And this is the degenerate reprobate that revealed the flaw in my manipulations. Actually, if I were simply looking for a new variety it has some fine points, the plant was very early and strong growing and the fruits aren't huge (I feared the Big Max effect) but neat and flattened in shape. I don't know what the eating or storage qualities will be but I expect they're good. As a potential addition to the range of pumpkins I'm sure some would keep it but there are an awful lot of varieties out there already and since I'd have to grow this on for some seasons to ensure it was stable it's probably not worth the effort, particularly if it's inherited that outcrossing ability that brought it into the garden in the first place.

Anyone for pumpkin pie?


Friday, 29 August 2014

No words but here are some pictures

Stag Beetle
Stag Beetle - there was a small explosion of these a couple of weeks ago.

Oak Eggar Moth
Oak Eggar Moth - these day flying moths confused us for a while as they just don't stop but finally Paul got a picture.

Rosy Footman
This little cutie is a Rosy Footman. Very distinctive colouring in flight.

Western Clubtail
Western Clubtail dragonfly - not very rare but new to us.

ceps and chanterelles
Mushrooms are  up.

Sunday, 24 August 2014

The change of the season

carrot seed and garlic bulbils

There is a perceptible change of air this week. The swallows are nearly all gone, just a few late fledgers from the second broods gathering strength until their parents gauge them fit to travel, the nights are drawing in, there is mist on the grass in the mornings and the warmth is abated.

With a forecast of almost continuous rain for the next couple of days I've been taking some rapid harvests of things that will spoil in high humidity. Lots of raspberries, beans for drying, inevitable pickling cucumbers and courgettes and some carrot seed and garlic bulbils.

The carrot seed is of two colours, unremembered varieties except as yellow and orange. I'm really not that bothered with the purity aspect here. It's an experiment to see if I can save viable seed (seems easy enough so far) and carrots are something I don't find particularly nuanced in texture or flavour for most of the widely available sorts, so there seems little to preserve except to keep them separate from wild carrot back crosses which is unlikely to happen as we have no wild carrot here.

The garlic flower bulbil heads were 'forced' by stress on overwintered garlic that was so rusty I didn't even bother to harvest it. I'm hoping to grow on the little bulbils and produce a clean crop in a couple of years time but that's possibly a hope too far.

Other seed saving I'm intending to make is of this wild plant which I can only identify as a purple Heracleum sphondylium or Common Hogweed. Search engines are obsessed with the noxious Giant variety and I've had trouble tracking down any examples of the Common with colour variations but this is such a striking plant even from a distance I'd like to increase its incidence around the farm. Even if only a few seeds breed true it's a lovely thing.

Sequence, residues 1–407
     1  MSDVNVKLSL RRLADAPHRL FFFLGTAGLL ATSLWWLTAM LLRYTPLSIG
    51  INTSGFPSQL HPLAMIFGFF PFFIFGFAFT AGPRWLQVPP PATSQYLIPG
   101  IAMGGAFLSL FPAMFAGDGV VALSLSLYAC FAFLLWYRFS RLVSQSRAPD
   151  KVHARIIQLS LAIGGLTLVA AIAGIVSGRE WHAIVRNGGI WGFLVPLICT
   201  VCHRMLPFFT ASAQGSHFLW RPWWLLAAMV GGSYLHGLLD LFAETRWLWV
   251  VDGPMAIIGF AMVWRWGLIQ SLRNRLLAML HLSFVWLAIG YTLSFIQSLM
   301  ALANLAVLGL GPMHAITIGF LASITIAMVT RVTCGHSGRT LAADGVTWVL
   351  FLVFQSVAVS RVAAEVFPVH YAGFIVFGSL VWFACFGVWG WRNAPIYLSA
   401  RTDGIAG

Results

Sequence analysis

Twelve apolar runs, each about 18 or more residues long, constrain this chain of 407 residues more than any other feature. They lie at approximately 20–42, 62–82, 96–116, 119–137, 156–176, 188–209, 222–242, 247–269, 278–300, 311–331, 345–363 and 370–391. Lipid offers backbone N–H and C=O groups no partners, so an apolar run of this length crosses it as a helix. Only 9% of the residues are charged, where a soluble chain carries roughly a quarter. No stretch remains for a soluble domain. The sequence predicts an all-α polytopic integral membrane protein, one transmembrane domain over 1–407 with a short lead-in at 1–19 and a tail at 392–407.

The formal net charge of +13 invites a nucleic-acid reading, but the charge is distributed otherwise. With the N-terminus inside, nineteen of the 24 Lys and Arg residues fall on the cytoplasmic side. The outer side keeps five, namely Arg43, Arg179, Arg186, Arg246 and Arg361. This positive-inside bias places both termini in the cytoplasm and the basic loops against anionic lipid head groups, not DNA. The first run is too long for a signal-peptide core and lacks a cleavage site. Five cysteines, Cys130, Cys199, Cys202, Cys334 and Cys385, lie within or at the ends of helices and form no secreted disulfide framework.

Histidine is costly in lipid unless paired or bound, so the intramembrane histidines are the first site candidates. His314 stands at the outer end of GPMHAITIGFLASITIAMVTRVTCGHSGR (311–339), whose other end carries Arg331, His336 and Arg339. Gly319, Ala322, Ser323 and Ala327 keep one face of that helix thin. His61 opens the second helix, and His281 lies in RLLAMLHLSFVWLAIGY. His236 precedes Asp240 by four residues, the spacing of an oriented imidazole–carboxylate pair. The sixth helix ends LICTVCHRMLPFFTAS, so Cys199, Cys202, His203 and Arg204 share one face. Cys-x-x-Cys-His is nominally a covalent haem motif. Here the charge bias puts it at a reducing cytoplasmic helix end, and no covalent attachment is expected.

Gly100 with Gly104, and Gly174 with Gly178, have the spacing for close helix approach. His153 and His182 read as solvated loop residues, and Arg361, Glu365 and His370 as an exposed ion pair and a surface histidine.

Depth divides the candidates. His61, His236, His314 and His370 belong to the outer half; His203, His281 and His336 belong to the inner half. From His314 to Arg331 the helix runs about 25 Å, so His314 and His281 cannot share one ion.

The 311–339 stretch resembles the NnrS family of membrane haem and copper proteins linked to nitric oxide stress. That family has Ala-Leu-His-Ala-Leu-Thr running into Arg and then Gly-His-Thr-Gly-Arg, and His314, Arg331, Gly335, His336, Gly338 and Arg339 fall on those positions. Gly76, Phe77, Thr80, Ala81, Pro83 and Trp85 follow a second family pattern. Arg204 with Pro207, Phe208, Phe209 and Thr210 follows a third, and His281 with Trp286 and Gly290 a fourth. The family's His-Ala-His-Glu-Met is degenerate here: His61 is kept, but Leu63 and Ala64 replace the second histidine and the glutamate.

purple hogweed

Tuesday, 19 August 2014

And so it goes...

waterlily

Having become so depressed by my own failures at variety segregation it should be comforting to discover that other producers are equally inept.

That very pretty water lily above was purchased from a reputable supplier at the Hampton Court Flower Show way back in 2007 and was labelled as Barbara Davies, an exotic looking creamy yellow peachy sort of flower. As can now be seen seven years later, it is nothing of the sort.

We've nurtured this plant, recovered it from a vicious water rodent attack (coypu or water rat, we're not sure) and waited patiently and without reward for it to flower in its allotted spot in the "sheep dip" pond. This year, when the pond was almost moribund with sludge and detritus we cleared the plants and used the tractor to scoop out the muck. The lily was popped in a big stock watering tub that I use as a water butt near the vegetable patch. The warm water and excellent sunshine of the early summer finally provoked it into flower but it's not Barbara...

If you're a water lily expert and can identify it for us, please leave a comment. :)

Sunday, 3 August 2014

Depression is always having to say you're sorry



That cat is lucky, she rarely ponders her place in the universe and apart from a few moments when she's being bullied by the boys her life is full of joy and wonder. She bounces around like a piece of fluff and takes pleasure in just about everything including rolling in the dust.

This week for me, not so much joy.  The Whangaparaoa pumpkin plot came tumbling down when I found a huge rogue yellow fruit forming. I should have know something was up because the plant was so vigorous from the outset but hey, I'm growing for landrace selection so some variation seemed welcome. However, it seems that somehow my separation techniques last year were inadequate and that Pink Banana squash that wasn't somehow spread its evil influence all the way across to my Whanga patch. The other plants growing from the same saved seed batch look o.k. but who knows what horrors lurk within their genes. So that concludes this round of experiments, I don't know, five years? and now it's lost.  I'm sorry I don't have the energy to keep trying. Even getting more clean seed is a project, my originals came from New Zealand but I no longer have contacts there to send me more.

I'm sorry I've been so down that I let the raspberries decay on the canes, all the tomatoes that are turning red have blossom end rot,  the potatoes are blighted and that something has chewed through the last couple of plants of Painted Lady runners which I was growing out for seed just as pods were beginning to form. Even the courgettes make me feel bad by being prolific when I was determined not to let them bully me.

And I'm sorry this post is such a downer. It seems necessary somehow that the blog presents things in a positive or amusing way. Sometimes that requirement can silence me for days.